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Major Setback for Consumers Hurt By Faulty Medical Devices

Posted by Jane Akre
Wednesday, February 20, 2008 6:49 PM EST
Category: Major Medical, Protecting Your Family
Tags: Medical Devices, Wrongful Death, Product Liability

If a manufacturer makes it and the government approves it – then injured consumers are out of luck if they want to take the maker of an unsafe medical device to court.   


Today’s Supreme Court decision was a victory for the $75 billion medical device industry.

If a manufacturer makes it and the government approves it – then injured consumers are out of luck if they want to take the maker of an unsafe medical device to court under state law.

That’s the sort of blanket immunity manufacturers of federally approved medical devices were given by the highest court in the land, the Supreme Court in an 8-1 decision Wednesday. 

The court ruled against the family of a man who suffered serious injury when a catheter burst during angioplasty surgery. Charles Riegel sued Medtronic Inc. of Fridley, Minnesota saying it had a defective design and it carried an inadequate warning label.

Medtronic moved to dismiss the lawsuit, arguing that the Food, Drug, and Cosmetic Act expressly preempts state-law damages brought by injured consumers. Lawyers for Medtronics argued that a patient is precluded from seeking state court remedies since the FDA had approved the device after the company documented its safety and effectiveness. The court agreed and dismissed the case.  

Public Citizen represented the Riegels on appeal and then before the Supreme Court.  

The Evergreen Balloon catheter is no longer manufactured by Medtronic.

Riegel had permanent disabilities resulting from his surgery to unclog an artery. He died in 2004.

Last Sunday, an exchange on 60 Minutes might make consumers less confident about the FDA’s role in overseeing safety. A medical researcher was asked whether the FDA assured the safety of drugs, which receive federal approval as do medical devices.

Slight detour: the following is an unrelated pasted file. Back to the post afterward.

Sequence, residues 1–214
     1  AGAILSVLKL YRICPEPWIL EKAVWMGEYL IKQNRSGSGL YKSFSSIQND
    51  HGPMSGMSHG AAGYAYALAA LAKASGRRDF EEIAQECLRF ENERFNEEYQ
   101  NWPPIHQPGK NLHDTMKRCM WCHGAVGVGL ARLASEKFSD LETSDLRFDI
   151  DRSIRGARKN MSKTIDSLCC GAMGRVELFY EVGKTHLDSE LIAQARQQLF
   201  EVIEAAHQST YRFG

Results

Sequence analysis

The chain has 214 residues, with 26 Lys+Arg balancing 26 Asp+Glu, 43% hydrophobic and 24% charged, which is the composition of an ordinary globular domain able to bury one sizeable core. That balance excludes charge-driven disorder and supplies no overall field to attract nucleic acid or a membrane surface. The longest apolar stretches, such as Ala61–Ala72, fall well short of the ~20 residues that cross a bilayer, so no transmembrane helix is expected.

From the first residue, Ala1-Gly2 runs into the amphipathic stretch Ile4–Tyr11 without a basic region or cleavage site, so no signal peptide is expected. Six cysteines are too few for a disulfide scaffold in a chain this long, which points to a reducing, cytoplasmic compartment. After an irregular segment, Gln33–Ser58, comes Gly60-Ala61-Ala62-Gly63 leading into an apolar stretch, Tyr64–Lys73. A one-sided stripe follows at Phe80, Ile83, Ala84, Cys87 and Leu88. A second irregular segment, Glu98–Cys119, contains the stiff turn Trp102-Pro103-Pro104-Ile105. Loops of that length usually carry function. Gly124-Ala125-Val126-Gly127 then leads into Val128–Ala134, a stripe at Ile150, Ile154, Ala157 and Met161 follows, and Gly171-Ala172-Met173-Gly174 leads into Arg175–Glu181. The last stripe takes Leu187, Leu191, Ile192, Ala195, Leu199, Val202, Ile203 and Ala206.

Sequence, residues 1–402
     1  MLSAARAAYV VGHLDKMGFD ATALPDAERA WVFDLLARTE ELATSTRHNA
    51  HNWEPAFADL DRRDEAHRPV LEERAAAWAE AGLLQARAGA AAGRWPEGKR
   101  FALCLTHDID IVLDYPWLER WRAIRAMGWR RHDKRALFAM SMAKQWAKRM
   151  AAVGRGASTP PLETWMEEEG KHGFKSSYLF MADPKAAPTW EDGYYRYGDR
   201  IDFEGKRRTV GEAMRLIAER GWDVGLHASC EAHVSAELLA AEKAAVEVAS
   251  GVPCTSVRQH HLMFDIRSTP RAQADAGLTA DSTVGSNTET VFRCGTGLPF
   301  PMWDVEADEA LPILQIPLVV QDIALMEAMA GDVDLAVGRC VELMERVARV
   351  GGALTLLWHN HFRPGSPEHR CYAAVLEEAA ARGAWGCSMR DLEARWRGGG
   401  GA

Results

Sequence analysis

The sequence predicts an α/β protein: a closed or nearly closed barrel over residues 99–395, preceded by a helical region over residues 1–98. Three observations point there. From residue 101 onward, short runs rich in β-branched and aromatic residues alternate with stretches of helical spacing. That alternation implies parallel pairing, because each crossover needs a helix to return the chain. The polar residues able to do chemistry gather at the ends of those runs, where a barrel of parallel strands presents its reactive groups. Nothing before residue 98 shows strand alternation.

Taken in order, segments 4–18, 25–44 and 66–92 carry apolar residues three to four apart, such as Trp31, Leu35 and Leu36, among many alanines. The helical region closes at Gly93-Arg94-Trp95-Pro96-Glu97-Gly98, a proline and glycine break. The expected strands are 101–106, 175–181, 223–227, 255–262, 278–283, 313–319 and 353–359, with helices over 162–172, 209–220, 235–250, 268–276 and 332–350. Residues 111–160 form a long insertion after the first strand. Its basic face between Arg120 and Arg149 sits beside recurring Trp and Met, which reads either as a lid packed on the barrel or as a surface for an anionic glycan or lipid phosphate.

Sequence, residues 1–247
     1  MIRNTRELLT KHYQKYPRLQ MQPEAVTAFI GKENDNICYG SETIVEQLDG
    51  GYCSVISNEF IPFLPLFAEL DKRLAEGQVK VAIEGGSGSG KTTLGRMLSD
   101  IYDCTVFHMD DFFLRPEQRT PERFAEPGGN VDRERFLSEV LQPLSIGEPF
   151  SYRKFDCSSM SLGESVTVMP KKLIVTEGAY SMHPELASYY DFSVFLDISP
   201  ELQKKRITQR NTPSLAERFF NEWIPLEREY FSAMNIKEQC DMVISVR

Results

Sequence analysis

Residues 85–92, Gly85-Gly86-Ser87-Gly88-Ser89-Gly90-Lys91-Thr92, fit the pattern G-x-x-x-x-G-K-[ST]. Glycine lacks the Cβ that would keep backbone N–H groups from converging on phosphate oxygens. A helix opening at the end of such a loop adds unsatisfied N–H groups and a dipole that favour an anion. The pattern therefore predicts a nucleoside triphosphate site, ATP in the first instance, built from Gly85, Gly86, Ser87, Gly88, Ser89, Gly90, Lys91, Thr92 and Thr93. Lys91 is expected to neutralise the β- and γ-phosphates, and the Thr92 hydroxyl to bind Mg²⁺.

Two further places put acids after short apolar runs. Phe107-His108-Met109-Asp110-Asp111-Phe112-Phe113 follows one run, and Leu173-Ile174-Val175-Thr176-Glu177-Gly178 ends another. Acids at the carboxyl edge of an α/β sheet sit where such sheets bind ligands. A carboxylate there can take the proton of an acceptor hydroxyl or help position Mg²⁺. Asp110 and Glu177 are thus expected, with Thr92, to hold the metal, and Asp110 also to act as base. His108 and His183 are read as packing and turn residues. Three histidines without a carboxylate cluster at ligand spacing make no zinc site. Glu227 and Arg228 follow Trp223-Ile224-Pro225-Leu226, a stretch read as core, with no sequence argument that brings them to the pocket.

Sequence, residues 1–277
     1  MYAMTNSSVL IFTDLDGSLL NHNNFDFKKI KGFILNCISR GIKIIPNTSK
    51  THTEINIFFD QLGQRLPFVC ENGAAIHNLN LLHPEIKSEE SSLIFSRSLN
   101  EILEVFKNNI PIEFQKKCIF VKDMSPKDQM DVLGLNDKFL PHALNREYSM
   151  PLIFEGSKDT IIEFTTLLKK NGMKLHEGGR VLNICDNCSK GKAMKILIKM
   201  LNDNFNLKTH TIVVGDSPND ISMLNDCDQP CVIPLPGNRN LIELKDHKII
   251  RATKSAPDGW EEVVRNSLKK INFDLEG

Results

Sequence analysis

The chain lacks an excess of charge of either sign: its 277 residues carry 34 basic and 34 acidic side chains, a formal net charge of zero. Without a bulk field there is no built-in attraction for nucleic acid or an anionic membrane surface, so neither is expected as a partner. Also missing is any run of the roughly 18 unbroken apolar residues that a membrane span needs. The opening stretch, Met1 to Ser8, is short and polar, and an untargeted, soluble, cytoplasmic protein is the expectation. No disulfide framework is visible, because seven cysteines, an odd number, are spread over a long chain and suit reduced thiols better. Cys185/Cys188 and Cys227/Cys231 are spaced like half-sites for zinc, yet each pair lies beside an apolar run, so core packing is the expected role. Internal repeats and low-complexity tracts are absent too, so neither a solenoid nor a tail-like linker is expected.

Scott Pelley, correspondent, talking to Dr. Dennis Mangano, a medical researcher about drug safety.  

“Doesn't a drug have to be proven safe before the FDA allows it on the market?" Pelley asks Mangano.

Mangano: "No," he replies. "The trials that are constructed before a drug is marketed and given approval to be marketed generally address effectiveness of the studies."

Pelley:  "Make sure I understand. If the FDA is not certifying a drug as safe, before it goes on the market, what is it doing?" Pelley asks.

Mangano: "It's certifying that the drug is effective and that within the small numbers studied, relatively small, it doesn't appear to be unsafe," Mangano says. (editors notations)

Voicing its opinion for the majority, the Bush administration agreed with the Supreme Court saying that unfavorable jury verdicts would end up altering the design already approved by the FDA. 

The one dissenting vote came from Justice Ruth Bader Ginsburg who said that Congress never intended “a radical curtailment of state common-law lawsuits seeking compensation for injuries caused by defectively designed or labeled medical devices.”

Riegels’ lawyers argued that FDA procedures are less rigorous than Medtronic lawyers argued.

The medical device industry makes everything from toothbrushes to pace makers. There have been 100 safety complaints before federal regulators over the last three months.

But speaking to the Business Journals, a Massachusetts medical device maker insists the review process for approval is “the gold standard”.

"In bringing a medical product to market in this country, medical device manufacturers comply with the most rigorous review process in the world," said Thomas Sommer, president of MassMedic.

As it stands now, only the 11th U.S. Circuit Court of Appeals in Atlanta and the Illinois Supreme Court have sided with consumers in these cases. #


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